What exactly does ‘home’ mean? Where you were born? Where you grew up? Where you live now? Whether for university, work, or because you have loved ones living in different places, many of us have more than one base, and, for me, having two home cities means that home is much more about people than places. On the one hand, I could say that Belfast is my home – this is where I grew up, where my family live, and where myself and my best friends from school, who have all dispersed to different places, gather and catch up whenever we can. However, on the other hand, I no longer live in Belfast, and have firmly established a new base in Glasgow, with a whole new set of wonderful friends, some of whom I now consider family. As previously mentioned in my ‘Reflections on 2015’, my list of reasons to love Glasgow and never leave is growing, so it’s starting to feel more and more like home. Having my two bases relatively close together means I travel between the two fairly regularly, and I have found that there are both perks and downsides to having multiple bases. I suspect a few of these might be familiar to those of you with more than one place to call home!
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You’re always missing someone.
Having two homes means I have two sets of favourite people, who I often wish were all in the same place at the same time. While this can be tough, it also means that I make the most of the time I get to catch up with friends and family when we are in the same place, and I do really appreciate the people who matter most to me.
You understand the difference between a ‘typical’ person of a place, and stereotyping.
Stereotypes tend to arise from observations and exaggerations of people who don’t know a place well, and thus are inaccurate (and often derogatory), but having lived in more than one place, I have noticed that people who live in close proximity tend to share similar mannerisms, turns of phrase and style choices. This obviously doesn’t mean that all the people from a particular place are the same, it just means that people are part of what characterises a place. Just one example of this is in expressions unique to places. Both Glasgwegians, and ‘Belfastians’, as my siblings and I like to refer to ourselves, have some brilliant sayings. People outside Northern Ireland are unlikely to know what a ‘melter’ is, but it’s just too good not to use, even if it’s met with blank faces. Equally, the first time I heard the Glaswegian expression ‘face like a melted wellie’ I gleefully stored it up until the next possible opportunity to casually slip it into conversation. (Read excitedly used it inappropriately).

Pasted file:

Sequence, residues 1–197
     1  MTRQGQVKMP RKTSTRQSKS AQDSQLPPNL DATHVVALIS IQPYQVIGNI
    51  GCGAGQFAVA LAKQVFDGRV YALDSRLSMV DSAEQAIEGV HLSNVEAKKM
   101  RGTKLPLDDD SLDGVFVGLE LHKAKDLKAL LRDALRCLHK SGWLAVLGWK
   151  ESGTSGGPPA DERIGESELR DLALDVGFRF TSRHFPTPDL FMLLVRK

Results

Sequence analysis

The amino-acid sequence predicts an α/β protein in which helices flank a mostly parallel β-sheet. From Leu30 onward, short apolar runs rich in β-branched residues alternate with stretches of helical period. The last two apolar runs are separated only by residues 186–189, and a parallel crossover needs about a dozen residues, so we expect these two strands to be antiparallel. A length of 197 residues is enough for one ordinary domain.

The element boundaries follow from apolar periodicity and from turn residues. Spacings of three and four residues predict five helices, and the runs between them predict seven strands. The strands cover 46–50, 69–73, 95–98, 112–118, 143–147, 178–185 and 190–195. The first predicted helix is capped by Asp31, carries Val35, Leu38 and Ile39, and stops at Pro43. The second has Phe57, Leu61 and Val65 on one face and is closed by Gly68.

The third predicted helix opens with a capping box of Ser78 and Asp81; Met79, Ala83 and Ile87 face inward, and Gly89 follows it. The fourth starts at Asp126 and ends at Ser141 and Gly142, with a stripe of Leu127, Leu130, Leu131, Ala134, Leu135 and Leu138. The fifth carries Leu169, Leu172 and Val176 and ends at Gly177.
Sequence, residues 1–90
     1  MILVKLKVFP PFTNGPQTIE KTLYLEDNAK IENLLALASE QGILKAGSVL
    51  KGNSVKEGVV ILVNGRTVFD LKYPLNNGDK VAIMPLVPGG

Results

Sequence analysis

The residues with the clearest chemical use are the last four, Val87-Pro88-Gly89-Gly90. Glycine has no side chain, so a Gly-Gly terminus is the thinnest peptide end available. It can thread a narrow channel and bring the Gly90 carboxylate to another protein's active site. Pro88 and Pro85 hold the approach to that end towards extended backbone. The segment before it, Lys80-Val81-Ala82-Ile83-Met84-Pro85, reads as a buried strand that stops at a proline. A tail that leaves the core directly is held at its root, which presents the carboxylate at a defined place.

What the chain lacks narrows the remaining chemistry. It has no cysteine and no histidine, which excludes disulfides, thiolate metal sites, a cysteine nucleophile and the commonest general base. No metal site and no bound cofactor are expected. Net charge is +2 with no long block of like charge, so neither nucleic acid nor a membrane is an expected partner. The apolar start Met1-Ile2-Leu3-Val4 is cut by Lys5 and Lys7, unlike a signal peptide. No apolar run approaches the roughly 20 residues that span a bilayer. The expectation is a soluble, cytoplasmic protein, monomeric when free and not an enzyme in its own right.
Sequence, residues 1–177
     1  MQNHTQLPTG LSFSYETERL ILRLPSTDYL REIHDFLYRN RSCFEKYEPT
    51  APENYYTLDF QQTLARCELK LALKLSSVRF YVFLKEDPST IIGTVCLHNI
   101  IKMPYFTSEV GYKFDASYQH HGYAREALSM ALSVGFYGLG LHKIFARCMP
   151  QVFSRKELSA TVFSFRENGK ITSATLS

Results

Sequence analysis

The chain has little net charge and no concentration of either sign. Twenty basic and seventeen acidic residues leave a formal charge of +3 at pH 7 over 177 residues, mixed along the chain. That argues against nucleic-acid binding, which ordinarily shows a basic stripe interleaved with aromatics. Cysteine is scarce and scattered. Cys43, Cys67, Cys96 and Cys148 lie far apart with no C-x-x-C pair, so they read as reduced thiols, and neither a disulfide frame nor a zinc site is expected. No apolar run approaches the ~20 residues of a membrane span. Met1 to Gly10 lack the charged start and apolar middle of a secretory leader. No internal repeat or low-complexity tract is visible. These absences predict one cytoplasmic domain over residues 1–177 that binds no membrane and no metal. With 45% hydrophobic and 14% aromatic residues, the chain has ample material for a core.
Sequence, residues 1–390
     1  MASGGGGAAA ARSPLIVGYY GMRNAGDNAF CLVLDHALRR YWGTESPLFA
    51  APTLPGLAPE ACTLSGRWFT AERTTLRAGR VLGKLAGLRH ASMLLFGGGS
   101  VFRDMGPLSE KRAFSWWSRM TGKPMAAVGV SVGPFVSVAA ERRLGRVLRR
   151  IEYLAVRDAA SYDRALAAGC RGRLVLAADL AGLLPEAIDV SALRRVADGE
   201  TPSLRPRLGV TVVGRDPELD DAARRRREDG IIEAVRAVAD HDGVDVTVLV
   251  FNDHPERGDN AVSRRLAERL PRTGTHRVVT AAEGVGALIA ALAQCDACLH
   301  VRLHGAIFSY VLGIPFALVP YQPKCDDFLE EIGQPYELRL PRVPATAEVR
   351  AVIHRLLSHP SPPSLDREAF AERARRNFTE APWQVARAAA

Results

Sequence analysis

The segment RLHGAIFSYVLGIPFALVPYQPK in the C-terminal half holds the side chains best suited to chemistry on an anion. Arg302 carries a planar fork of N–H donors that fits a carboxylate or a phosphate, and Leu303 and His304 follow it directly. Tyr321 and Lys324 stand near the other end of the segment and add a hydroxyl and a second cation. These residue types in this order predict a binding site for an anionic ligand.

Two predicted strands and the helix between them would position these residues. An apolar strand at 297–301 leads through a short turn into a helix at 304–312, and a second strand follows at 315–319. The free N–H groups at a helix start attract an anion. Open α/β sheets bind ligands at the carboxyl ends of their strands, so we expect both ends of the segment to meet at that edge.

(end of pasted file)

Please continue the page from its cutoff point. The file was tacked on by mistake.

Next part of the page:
You know which of your homes is the superior for your favourite activities.
For me, Glasgow wins on clubs, but is missing Belfast’s late-night coffee shops. Brunches and bars are a close call between the two – I can recommend excellent choices for cocktails or pancakes in both cities. (Oops it seems my favourite activities revolve around food and drink…) I shall be following this up with guides to some of my favourite haunts in both cities very soon!
Sinnamon, in Belfast, is one of my favourite places for late night coffee and life chats…
… but Glasgow’s Gin 71 has a pretty fabulous menu. And cocktails in teapots.
It always takes a few days to adjust when you move from one place to another.
After a few weeks with my very loud, crazy and lovable family, my flat seems strangely quiet, and I don’t think I will ever be able to break the habit of cooking enough food for a small army, no matter how long I live on my own. But on the plus side, there’s always enough to feed visitors!
You are likely to have a serious case of wanderlust.
Living between two places means you can’t help but notice similarities and differences between them, and personally, drawing comparisons between the different places that I have lived in and visited only makes me want to discover, explore and compare more adventures, places and people. If anyone needs me I’ll be at the airport…